Oyster Protocol (PRL) to Ban Negative Comments After Falling Victim to a “Coordinated FUD Attack”

Worried young woman having negative comments on her website

Bruno Block, CEO and chief architect of Oyster, has claimed that yesterday his company was subject to “a coordinated FUD attack”. FUD, a common acronym in the crypto-space, stands for “Fear, Uncertainty and Doubt/Disinformation” and refers to the spreading of (dis)information, often to lower prices within a market.

According to Block, the attack covered the company’s “Telegram groups, Reddit, Bitcointalk.org, and even our email” and represented the work of a “a single person” who had created multiple identities, possibly involving bots, to “lower the price of PRL and buy in at a discount”.

Oyster and its PRL token are an attempt to change the advertiser model of web content. Users give up a “small portion of their CPU and GPU power” for “users’ files to be stored on a decentralized and anonymous ledger”. Website owners “get paid indirectly by the storage users” while “website visitors can enjoy an ad-free browsing experience”.

Taking advantage of a delay in a planned airdrop, Block says that the person or people in question posted numerous messages to Telegram saying that the reported participation of Kucoin in the airdrop was a lie, designed to “pump the price” before the founders pulled an “exit scam”.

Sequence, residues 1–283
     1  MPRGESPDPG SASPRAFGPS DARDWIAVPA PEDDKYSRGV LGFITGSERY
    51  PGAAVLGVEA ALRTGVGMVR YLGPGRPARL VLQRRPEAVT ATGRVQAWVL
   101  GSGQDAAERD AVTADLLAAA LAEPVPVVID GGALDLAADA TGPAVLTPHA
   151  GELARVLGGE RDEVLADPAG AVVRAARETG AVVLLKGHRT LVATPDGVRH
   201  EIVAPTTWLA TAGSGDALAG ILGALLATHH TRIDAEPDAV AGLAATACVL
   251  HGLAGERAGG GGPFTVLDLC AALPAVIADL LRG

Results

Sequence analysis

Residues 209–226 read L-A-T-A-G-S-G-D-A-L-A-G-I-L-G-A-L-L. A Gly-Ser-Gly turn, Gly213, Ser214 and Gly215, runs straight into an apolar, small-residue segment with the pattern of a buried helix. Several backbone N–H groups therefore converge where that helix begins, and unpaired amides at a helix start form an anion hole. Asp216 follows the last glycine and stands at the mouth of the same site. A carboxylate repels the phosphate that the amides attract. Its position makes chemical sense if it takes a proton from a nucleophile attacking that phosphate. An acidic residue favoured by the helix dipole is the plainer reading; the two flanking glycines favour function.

Block announced that as a consequence of the “FUD” the company would be changing the way it runs its community.  Moderators will now delete any posts using terms like “exit-scams” or “dumping the market”, and the posters banned.

Though the Oyster community seem broadly supportive of these measures, some worried that “even legitimate criticism will be called FUD” and banned by the moderators and that an approach of “we’re going to start censoring things as we see fit” was a “slippery slope to super toxicity”.

For Block though, “participating in the community discussion is a privilege, not a right”, and the conversation must now be filtered to ensure that it remains “constructive”. People are still free to complain or gossip on third party platforms, but not on channels hosted by Oyster.

Image From Shutterstock

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